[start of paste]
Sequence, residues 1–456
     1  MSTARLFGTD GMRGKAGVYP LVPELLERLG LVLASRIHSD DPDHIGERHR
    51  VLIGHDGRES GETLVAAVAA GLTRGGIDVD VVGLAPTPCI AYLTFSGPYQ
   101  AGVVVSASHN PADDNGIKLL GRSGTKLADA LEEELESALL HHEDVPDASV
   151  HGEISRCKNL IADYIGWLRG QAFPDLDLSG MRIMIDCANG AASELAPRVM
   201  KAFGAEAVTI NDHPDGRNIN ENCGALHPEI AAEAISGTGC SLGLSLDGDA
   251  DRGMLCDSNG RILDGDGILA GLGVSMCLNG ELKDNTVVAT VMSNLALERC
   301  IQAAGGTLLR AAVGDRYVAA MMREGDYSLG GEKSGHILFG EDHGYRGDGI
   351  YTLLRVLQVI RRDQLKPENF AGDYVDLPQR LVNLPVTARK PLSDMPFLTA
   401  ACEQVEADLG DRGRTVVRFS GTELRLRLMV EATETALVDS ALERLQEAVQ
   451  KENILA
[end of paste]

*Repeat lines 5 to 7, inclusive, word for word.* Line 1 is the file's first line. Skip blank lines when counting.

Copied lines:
   151  HGEISRCKNL IADYIGWLRG QAFPDLDLSG MRIMIDCANG AASELAPRVM
   201  KAFGAEAVTI NDHPDGRNIN ENCGALHPEI AAEAISGTGC SLGLSLDGDA
   251  DRGMLCDSNG RILDGDGILA GLGVSMCLNG ELKDNTVVAT VMSNLALERC